African crisis areas and U.S. foreign policy
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African crisis areas and U.S. foreign policy

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Published by University of California Press in Berkeley .
Written in English

Subjects:

Places:

  • Africa,
  • United States

Subjects:

  • Africa -- Foreign relations -- United States,
  • United States -- Foreign relations -- Africa,
  • Africa -- Foreign relations -- 1960-,
  • Africa -- Politics and government -- 1960-,
  • Africa -- Economic conditions -- 1960-

Book details:

Edition Notes

Includes bibliographies and index.

Statementedited by Gerald J. Bender, James S. Coleman, Richard L. Sklar.
ContributionsBender, Gerald J., Coleman, James Smoot., Sklar, Richard L.
Classifications
LC ClassificationsDT38.7 .A39 1985
The Physical Object
Paginationxiv, 373 p. ;
Number of Pages373
ID Numbers
Open LibraryOL3028108M
ISBN 100520055489
LC Control Number85008579

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African Crisis Areas and U.S. Foreign Policy [Bender, Gerald J., Coleman, James S., Sklar, Richard L.] on *FREE* shipping on qualifying offers. African Cited by: " African Crisis Areas and U. S. Foreign Policy by Gerald J. Bender; James S. Coleman A readable copy. All pages are intact, and the cover is intact. Pages can include considerable notes-in pen or highlighter-but the notes cannot obscure the text. An ex-library book and may have standard library stamps and/or stickers. For broad assessments of U.S.-Africa policy during the Cold War, see Schraeder, Peter J., United States Foreign Policy toward Africa: Incrementalism, Crisis, and Change (New York: Cambridge University Press, ) and Gerald J. Bender, James S. Coleman, and Richard L. Sklar, eds., African Crisis Areas and U.S. Foreign Policy (Berkeley.   Throughout ’15, ’16, and into ’17, a foreign power went to jaw-dropping lengths to meddle in U.S. policy, stir up trouble at home, and especially to shape the .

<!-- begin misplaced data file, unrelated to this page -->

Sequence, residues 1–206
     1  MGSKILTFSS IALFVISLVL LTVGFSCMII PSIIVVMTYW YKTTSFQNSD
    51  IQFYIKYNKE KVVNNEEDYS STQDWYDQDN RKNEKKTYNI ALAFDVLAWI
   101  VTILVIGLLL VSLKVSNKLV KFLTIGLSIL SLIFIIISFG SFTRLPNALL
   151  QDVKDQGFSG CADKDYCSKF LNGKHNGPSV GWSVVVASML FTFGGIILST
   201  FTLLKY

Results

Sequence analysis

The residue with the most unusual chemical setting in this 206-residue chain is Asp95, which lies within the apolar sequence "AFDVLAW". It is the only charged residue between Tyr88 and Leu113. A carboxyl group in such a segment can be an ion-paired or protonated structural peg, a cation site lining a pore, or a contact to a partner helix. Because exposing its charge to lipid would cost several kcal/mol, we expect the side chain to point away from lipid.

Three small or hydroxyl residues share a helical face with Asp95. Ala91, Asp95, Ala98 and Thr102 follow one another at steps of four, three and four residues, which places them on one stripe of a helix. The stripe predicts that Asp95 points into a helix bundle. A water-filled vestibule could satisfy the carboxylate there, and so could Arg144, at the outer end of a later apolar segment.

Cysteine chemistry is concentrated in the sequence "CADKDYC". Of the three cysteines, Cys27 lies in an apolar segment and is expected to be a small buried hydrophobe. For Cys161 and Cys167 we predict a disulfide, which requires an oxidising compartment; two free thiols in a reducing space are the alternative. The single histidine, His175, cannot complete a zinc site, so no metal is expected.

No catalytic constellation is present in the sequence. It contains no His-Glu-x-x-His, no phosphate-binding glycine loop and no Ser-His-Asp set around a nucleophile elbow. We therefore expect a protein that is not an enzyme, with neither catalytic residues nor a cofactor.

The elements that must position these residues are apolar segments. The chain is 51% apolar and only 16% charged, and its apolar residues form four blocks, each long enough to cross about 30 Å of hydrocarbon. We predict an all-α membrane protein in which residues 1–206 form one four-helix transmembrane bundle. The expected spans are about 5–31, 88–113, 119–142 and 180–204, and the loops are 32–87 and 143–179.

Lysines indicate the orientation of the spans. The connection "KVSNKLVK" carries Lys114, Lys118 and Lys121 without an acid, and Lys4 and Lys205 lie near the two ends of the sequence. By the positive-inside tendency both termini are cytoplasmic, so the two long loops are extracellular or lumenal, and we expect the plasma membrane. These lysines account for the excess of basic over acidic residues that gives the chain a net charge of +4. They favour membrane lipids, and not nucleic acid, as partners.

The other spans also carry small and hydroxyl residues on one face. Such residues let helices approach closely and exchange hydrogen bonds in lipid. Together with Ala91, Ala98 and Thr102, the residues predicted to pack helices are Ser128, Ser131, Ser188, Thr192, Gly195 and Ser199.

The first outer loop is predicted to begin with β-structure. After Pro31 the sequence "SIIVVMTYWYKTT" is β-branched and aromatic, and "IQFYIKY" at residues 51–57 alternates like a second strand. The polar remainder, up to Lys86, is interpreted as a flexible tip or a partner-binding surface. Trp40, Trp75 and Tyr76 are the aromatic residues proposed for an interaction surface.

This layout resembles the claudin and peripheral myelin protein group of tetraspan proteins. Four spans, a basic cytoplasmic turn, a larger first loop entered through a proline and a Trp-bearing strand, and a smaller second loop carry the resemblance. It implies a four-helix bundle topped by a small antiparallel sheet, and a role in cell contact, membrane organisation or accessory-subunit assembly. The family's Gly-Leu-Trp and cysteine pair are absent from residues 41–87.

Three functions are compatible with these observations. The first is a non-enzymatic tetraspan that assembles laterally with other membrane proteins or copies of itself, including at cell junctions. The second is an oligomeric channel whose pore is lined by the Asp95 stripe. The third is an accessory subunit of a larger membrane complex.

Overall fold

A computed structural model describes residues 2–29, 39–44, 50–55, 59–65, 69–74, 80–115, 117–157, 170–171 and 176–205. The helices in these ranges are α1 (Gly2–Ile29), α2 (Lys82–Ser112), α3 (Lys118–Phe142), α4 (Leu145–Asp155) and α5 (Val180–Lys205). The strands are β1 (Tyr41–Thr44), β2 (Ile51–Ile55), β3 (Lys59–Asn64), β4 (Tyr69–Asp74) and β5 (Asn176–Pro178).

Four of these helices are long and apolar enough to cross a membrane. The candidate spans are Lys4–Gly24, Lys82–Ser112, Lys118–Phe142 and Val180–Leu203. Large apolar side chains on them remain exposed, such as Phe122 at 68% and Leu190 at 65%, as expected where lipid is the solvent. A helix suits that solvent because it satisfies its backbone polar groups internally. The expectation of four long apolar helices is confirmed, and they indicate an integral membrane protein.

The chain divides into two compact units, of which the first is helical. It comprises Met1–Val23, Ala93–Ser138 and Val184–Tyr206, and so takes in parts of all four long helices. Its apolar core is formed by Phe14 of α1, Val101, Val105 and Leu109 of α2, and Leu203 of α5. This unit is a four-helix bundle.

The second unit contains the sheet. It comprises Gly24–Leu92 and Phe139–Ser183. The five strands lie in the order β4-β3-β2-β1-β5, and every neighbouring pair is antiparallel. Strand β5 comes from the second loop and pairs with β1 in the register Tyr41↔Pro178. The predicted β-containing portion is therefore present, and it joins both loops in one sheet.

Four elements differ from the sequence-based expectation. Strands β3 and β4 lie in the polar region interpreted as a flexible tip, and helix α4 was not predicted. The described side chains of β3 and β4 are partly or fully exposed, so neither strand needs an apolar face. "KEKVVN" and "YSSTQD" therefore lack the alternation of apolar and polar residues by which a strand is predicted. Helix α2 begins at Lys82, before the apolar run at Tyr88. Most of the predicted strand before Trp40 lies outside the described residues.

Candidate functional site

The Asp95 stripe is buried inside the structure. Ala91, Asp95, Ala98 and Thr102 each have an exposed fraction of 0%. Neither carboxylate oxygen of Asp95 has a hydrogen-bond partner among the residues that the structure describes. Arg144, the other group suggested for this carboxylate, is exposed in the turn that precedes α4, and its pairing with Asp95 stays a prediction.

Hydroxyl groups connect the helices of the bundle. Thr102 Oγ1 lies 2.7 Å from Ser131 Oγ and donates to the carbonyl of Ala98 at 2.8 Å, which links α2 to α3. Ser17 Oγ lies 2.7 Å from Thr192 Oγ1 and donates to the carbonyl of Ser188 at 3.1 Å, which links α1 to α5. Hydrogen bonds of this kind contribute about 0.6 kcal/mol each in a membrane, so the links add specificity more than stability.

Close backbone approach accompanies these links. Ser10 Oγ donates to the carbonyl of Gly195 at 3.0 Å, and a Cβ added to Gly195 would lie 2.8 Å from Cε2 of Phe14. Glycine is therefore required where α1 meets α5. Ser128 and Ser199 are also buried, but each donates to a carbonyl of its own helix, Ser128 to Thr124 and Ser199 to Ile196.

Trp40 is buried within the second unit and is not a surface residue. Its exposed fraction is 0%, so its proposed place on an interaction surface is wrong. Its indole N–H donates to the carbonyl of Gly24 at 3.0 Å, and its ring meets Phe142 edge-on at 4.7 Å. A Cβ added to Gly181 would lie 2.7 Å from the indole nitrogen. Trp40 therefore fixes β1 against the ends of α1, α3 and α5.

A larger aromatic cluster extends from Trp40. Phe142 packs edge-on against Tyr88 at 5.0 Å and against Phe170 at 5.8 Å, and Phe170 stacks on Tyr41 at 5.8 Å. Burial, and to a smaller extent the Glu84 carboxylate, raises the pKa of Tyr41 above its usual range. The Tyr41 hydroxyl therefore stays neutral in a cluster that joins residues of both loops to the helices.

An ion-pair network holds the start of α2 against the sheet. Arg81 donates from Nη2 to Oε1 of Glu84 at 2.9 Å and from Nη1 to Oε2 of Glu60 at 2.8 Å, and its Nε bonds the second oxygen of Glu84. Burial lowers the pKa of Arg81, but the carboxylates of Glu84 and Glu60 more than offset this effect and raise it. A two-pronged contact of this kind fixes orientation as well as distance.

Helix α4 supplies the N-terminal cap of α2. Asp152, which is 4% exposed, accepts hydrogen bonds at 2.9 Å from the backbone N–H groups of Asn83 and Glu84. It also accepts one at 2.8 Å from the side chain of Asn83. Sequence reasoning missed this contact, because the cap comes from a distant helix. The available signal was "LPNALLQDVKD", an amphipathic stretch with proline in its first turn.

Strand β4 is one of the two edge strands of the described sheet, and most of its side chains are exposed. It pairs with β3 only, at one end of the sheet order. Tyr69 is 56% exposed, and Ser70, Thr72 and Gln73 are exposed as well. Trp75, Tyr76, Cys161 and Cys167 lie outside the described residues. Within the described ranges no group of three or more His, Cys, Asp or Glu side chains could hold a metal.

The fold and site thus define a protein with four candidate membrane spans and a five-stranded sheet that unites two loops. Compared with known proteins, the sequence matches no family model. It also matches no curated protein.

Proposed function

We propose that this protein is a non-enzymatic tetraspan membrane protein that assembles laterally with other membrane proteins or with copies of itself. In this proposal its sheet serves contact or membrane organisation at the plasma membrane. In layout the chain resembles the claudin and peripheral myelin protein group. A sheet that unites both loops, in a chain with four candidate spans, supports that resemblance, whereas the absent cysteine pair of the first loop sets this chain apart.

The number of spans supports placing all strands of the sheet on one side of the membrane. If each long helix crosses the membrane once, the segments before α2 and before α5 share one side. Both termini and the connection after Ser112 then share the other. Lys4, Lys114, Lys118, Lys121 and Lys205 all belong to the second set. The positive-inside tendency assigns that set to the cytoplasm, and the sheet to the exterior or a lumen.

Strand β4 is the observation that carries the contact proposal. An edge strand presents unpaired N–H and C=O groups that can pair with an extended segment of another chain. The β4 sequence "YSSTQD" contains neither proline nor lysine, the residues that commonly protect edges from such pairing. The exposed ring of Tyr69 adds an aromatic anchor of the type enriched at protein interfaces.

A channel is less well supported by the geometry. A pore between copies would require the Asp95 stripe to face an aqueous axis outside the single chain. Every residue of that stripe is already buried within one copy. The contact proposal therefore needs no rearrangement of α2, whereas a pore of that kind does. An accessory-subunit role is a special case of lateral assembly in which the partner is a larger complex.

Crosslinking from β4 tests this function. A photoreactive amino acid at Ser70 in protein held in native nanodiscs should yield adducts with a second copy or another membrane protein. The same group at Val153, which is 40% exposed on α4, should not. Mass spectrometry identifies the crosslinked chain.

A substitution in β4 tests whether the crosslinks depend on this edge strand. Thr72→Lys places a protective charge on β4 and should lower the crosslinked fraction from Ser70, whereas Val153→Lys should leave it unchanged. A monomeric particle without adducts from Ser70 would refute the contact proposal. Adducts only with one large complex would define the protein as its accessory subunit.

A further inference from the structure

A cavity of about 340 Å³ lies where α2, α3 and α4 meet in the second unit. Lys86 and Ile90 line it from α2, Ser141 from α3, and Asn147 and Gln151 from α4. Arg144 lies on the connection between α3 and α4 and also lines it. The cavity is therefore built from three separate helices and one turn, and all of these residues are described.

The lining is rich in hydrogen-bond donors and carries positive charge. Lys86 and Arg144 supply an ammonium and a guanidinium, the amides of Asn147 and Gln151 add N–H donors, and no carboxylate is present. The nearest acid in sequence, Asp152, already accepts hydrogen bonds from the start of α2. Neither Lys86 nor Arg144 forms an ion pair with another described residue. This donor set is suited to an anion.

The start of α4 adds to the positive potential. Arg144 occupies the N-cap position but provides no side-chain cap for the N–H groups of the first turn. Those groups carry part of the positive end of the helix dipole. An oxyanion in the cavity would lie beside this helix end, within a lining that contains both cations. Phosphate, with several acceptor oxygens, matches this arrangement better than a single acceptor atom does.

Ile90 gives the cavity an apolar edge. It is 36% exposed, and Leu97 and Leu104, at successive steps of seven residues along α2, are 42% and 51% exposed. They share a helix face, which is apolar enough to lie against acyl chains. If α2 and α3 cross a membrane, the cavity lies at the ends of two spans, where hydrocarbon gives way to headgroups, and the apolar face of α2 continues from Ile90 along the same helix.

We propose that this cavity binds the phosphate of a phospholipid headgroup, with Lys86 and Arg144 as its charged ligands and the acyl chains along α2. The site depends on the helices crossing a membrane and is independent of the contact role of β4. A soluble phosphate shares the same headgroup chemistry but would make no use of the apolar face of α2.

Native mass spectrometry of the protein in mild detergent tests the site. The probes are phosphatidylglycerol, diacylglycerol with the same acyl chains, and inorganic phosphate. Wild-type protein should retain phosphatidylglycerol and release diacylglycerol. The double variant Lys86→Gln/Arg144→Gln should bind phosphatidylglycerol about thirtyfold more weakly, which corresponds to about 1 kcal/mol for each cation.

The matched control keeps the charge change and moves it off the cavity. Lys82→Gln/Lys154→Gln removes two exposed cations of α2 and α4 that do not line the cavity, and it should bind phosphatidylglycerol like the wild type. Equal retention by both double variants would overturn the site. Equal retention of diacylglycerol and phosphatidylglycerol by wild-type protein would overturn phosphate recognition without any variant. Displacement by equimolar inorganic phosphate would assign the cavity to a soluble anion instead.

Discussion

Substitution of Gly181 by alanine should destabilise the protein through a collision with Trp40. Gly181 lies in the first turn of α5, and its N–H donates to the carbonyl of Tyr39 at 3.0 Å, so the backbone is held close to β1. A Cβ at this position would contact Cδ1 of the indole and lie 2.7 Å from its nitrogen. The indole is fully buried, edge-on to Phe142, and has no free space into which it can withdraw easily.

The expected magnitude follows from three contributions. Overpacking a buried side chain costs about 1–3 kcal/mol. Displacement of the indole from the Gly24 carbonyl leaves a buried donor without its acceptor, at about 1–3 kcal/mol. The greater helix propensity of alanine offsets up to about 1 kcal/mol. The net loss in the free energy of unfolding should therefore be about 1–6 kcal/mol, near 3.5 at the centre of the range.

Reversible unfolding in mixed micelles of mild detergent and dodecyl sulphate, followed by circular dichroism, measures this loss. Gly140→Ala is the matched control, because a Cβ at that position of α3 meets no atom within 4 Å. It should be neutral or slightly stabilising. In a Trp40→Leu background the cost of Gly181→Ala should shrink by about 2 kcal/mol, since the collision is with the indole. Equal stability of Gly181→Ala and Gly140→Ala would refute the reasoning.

Developments in Africa - and in the capitals of the great powers - made that continent an important testing ground for the foreign policies of the Western nations and the Soviet Union in While clearly still the dominant foreign influence in Africa, the Western countries were thrown on the defensive and groped for new ways of protecting their interests Cited by: This book offers the first comprehensive theoretical analysis of US foreign policy toward Africa in the postwar era. Peter Schraeder argues that though we often assume that US policymakers "speak with one voice," Washington's foreign policy is derived from numerous centers of power, each of which has the ability to pull policy in different by: African Foreign Policies: Power and Process. Through an historical analysis of U.S.-Cuban relations between and mid, Book Review:Dutch Foreign Policy since . "Gerald J. Bender, James S. Coleman, and Richard L. Sklar (eds.), African Crisis Areas and U. S. Foreign Policy, Berkeley: University of California Press, ,

In championing “America First” isolationism and protectionism, President Trump has shifted the political mood toward selective U.S. engagement, where foreign commitments are limited to areas of vital U.S. interest and economic nationalism is the order of the day. Geopolitical allies and challengers alike are paying close attention. African-Americans in foreign policy in the United States catalogs distinguished African Americans who have and continue to contribute to international development, diplomacy, and defense through their work with the U.S. Department of State, the U.S. Agency for International Development, the U.S. Information Agency, and the U.S. Congress, and other notable .   Think Again: Africa’s Crisis As U.S. Secretary of State Hillary Clinton heads to Africa, the continent is in far better shape than most experts think. even if .   Gerald J. Bender, James S. Coleman, and Richard L. Sklar (eds.), African Crisis Areas and U. S. Foreign Policy, Berkeley: University of California Press, , pp in Journal of Asian and African StudiesAuthor: Sandra J. Wurth-Hough.